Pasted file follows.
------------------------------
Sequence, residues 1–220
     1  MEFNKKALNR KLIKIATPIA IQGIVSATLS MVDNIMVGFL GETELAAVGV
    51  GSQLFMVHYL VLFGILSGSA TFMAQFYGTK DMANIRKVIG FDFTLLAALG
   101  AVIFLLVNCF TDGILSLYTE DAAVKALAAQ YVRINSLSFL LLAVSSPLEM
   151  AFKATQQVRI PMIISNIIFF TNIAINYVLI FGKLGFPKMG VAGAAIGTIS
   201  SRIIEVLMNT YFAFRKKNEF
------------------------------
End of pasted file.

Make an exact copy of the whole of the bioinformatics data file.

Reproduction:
Sequence, residues 1–220
     1  MEFNKKALNR KLIKIATPIA IQGIVSATLS MVDNIMVGFL GETELAAVGV
    51  GSQLFMVHYL VLFGILSGSA TFMAQFYGTK DMANIRKVIG FDFTLLAALG
   101  AVIFLLVNCF TDGILSLYTE DAAVKALAAQ YVRINSLSFL LLAVSSPLEM
   151  AFKATQQVRI PMIISNIIFF TNIAINYVLI FGKLGFPKMG VAGAAIGTIS
   201  SRIIEVLMNT YFAFRKKNEF